Plenty of Plump Horses
Overfed horses in United States are much more common than previously believed. A 1998 estimate by the USDA National Animal Health Monitoring System (NAHMS) figured about 1.4% of horses in the US were overweight or obese. More recently, researchers assessed horses in Virginia and discovered the proportion of plump horses there is closer to 50%.
The 2006 survey involved 300 mature light breed mares, geldings and stallions attended to by the Virginia-Maryland Regional College of Veterinary Medicine. Researchers took detailed measurements of the horses' girth, height, length and neck circumference. They also assessed Body Condition Score on a scale of one to nine.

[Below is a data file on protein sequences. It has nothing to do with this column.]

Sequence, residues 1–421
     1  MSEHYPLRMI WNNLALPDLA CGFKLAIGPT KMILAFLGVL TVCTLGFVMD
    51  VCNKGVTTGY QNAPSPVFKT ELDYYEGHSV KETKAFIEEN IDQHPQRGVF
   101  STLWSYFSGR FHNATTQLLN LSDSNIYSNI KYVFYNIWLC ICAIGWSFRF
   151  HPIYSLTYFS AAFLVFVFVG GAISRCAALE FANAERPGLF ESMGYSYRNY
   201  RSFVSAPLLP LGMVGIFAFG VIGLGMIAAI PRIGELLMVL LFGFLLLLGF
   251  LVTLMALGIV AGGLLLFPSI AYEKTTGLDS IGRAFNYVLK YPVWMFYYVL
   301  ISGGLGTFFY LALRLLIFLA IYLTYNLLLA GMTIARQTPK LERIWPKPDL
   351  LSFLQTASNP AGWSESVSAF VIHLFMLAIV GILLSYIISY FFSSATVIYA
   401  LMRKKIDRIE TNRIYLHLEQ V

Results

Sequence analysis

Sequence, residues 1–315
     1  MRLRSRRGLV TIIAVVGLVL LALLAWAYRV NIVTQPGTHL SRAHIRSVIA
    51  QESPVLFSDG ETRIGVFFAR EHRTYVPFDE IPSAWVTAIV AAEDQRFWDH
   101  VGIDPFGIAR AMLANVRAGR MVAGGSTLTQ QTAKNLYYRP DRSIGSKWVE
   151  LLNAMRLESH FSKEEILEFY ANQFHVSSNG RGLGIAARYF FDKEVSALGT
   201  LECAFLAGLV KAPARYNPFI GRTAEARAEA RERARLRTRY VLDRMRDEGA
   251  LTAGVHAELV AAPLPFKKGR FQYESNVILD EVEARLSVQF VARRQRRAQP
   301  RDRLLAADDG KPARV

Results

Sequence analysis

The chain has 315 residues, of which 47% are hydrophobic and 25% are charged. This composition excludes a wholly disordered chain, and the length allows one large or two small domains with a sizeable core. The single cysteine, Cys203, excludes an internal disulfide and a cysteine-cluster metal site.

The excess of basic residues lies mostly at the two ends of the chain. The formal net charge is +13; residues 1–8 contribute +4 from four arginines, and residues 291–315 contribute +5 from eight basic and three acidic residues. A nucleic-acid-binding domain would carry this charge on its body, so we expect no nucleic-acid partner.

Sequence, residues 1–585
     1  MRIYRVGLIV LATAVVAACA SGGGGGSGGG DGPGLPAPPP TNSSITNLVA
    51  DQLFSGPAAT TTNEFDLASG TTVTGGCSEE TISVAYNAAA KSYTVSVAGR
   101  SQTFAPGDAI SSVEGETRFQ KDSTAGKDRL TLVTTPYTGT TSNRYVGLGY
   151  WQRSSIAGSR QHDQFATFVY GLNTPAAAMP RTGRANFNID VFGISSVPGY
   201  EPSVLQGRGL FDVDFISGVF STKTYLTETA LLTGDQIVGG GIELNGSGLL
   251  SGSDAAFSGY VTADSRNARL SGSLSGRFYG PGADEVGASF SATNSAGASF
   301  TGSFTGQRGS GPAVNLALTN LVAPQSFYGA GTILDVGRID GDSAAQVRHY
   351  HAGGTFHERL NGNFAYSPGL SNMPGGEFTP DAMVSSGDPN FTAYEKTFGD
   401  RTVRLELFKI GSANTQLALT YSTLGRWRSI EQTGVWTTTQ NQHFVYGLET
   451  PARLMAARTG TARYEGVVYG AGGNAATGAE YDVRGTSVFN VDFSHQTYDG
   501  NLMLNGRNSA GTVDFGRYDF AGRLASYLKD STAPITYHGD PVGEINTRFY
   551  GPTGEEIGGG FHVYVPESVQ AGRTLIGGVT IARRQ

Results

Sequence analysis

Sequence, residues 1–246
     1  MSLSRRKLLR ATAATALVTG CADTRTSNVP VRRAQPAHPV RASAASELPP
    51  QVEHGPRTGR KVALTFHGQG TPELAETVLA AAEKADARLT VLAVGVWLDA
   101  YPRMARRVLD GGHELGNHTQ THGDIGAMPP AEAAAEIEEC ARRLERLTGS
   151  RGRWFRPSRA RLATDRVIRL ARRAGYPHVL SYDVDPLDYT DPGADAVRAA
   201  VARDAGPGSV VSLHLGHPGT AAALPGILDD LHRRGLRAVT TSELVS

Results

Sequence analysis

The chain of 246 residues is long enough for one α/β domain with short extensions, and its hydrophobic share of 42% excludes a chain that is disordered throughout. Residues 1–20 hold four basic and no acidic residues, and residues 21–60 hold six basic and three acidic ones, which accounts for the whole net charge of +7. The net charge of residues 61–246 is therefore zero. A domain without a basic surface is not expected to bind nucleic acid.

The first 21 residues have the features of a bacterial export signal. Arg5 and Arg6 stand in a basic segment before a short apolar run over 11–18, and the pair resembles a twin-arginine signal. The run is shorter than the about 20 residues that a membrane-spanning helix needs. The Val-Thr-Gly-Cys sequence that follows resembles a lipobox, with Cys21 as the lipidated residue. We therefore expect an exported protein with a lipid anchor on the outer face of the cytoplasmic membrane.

Nearly half (47%) of the horses were in optimal condition, with a Body Condition Score of four to six. Just six horses scored less than this, indicating they were underweight.
The rest of the horses that were measured could stand to lose a few pounds. One-third of the horses rated as being over condition. Another 57 horses (19%) were classified as obese, with a Body Condition Score of 7.5 to 9. These overfed equines also had the largest neck circumference, body mass index and weight.
While horses do like to eat, obesity has its costs, including greater risks of acquiring insulin resistance and laminitis.
C.D. Thatcher, R.S. Pleasant, R.J. Geor, F. Elvinger, K.A. Negrin, J. Franklin, L. Gay and S.R. Were. 2008. Prevalence of obesity in mature horses: an equine body condition study. Journal of Animal Physiology and Animal Nutrition. 92(2): 222-222.